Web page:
There is no shortage of tasty restaurants here in Rhode Island. From our famous calamari and clam cakes to coffee milk and doughboys, we have something for everyone. Well, almost. A blossoming food trend around the world and, budding here in the Ocean State, is the craving for plant-based options. Plant-based foods currently drive $7.4 billion in U.S. economic growth. Despite this trend, many Rhode Island restaurants are missing out on the business potential of adding plant-based options to their menus.
There are several reasons introducing more plant-based foods will support restaurant growth. It can help address ingredient sourcing challenges, bring in new customers, and, with Rhode Island being an eco-friendly state, it’s a move that reflects local values. Let’s dig into three ways the plant-based food trend can directly impact growth for your Rhode Island restaurant.
1. Plant-based food is in demand
In the last few years, Rhode Island has experienced popular events like RI VegFest, new food halls like Plant City, and fine dining restaurants like Foglia gaining acceptance. People are curious about plant-based foods. They want to explore the taste, how it can help them diversify their protein consumption, and if it’s a flavor worth coming back for. Local restaurants have a genuine opportunity to capitalize on this curiosity by reimagining their menus and marketing.
Creating new menus requires planning and may seem overwhelming at first, particularly if plant-forward hasn’t been a focus in the past, but, in many cases, the major ingredients needed are already in your kitchen or easy to source. Start by adding just a few plant-based choices to give your customers a taste of alternatives. Specials, anyone? From there, you’ll learn what’s selling and what’s not.
2. Is the state ripe for sourcing plant-based options? Yes!
Farming is one of Rhode Island’s key industries which means proximity to fresh ingredients. Despite this access though, almost 90 percent of the state’s food is imported, especially its seafood, poultry, and beef. This is one reason local restaurants deeply felt the supply chain struggles during the pandemic.
A benefit of plant-based foods is more consistent ingredient sourcing. With foods like nut-based milks and cheese or alternative proteins like tempeh or seitan, the ingredients are often more readily available and found locally. For example, in Rhode Island alone, there are dozens of soybean and pea farms across the state, which would support recipe development for common protein replacements. Besides meat alternatives, access to robust produce like corn, potatoes, apples, and eggplant are within reach and support long-term food security efforts for the state. A win-win!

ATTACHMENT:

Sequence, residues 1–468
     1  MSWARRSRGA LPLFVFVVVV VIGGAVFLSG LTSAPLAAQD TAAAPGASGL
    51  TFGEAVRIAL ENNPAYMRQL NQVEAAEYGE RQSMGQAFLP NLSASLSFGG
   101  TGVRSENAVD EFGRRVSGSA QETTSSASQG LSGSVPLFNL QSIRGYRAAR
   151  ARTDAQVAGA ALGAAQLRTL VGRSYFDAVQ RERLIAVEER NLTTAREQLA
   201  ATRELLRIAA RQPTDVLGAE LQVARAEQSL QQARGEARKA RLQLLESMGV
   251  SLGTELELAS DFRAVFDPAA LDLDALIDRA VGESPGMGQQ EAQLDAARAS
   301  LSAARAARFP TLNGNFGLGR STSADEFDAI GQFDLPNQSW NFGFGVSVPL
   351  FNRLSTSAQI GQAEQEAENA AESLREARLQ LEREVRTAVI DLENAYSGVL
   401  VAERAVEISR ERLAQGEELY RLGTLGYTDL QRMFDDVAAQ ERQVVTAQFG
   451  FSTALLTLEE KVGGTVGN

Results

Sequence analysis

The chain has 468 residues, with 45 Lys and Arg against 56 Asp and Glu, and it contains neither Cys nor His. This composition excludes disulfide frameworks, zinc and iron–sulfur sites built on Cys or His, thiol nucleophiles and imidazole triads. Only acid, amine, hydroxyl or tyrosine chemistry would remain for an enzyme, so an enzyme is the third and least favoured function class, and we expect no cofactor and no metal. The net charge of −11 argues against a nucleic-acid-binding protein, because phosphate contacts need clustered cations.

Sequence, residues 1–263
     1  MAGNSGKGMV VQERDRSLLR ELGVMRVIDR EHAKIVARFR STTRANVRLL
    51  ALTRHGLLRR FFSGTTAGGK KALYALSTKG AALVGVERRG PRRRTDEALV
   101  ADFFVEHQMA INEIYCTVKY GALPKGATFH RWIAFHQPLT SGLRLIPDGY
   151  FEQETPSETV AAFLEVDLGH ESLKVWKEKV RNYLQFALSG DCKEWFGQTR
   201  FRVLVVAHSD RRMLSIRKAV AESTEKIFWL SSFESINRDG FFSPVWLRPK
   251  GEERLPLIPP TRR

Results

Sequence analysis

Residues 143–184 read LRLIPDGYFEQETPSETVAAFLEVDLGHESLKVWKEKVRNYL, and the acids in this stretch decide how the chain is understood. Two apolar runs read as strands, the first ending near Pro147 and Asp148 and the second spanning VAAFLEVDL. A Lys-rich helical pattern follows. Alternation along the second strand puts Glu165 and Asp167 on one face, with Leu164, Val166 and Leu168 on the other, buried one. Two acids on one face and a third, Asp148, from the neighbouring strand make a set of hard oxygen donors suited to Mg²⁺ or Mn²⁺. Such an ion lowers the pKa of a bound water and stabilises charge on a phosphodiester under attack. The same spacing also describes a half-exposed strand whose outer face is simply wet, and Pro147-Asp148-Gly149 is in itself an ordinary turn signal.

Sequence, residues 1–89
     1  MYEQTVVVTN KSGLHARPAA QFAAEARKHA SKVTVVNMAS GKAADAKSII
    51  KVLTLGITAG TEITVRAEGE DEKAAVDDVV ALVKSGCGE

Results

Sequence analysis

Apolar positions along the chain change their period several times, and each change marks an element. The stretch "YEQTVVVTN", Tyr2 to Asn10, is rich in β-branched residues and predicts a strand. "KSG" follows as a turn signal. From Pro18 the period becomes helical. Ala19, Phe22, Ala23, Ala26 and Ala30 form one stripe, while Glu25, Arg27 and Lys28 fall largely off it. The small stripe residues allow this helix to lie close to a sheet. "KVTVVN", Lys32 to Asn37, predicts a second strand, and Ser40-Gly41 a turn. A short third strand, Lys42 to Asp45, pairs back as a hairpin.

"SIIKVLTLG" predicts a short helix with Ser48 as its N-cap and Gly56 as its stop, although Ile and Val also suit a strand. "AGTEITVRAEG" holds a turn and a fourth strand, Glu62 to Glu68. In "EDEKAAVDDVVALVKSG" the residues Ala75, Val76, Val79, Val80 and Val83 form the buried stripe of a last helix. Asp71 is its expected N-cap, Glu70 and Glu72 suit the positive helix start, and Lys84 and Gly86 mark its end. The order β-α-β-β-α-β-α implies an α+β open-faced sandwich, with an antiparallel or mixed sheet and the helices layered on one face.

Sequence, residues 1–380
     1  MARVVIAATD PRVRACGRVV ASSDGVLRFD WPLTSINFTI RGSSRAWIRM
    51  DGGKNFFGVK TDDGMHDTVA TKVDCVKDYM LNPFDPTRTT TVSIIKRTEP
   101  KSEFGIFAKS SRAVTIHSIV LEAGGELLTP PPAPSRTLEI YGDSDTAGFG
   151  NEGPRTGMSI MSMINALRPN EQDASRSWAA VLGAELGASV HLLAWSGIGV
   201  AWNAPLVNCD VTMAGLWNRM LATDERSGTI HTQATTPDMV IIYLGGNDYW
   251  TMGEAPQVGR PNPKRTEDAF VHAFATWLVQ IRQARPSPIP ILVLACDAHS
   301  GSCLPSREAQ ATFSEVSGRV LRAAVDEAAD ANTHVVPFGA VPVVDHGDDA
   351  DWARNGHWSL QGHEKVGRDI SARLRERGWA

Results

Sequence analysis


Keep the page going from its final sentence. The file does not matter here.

3. Food’s environmental impact is critical to the next generation
Millennials and Gen Z are the driving force behind the plant-based movement and, while taste is an important factor, another driver is the impact on the environment. Being a coastal state, Rhode Island is already feeling the impacts of climate change like rising sea levels, warming air and water temperatures, and loss of biodiversity. It’s a key reason Rhode Islanders are adopting habits to ease these impacts, like making more sustainable food choices.
Restaurants can take advantage of this trend by implementing more plant-based options in their menus and specials. Restaurants open to providing options that support the local community’s priorities and values, like plant-based foods, may enjoy smoother supply chains and attract a new generation of customers.
To wrap it up
Restaurants around the world are stepping up to meet the demand for more plant-based menu items. By adding plant-based food menu options and considering the values of the community, Rhode Island restaurant owners have a real opportunity to build a new customer base and support their bottom line with smarter ingredient sourcing. The plant-based movement will continue to notably grow so it will be important for restaurants to adapt and provide options that bring extra seats to the table.
Maggie Longo is the restaurant and hospitality consultant for the Rhode Island Small Business Development Center (RISBDC) and offers restaurant owners support for menu creation, budgeting, employee development, and more. She loves the enthusiasm and energy that entrepreneurs and small business owners bring to the table, and feels in her element helping launch new ideas and initiatives. Interested in no-cost, one-on-one counseling through the RISBDC? Register here.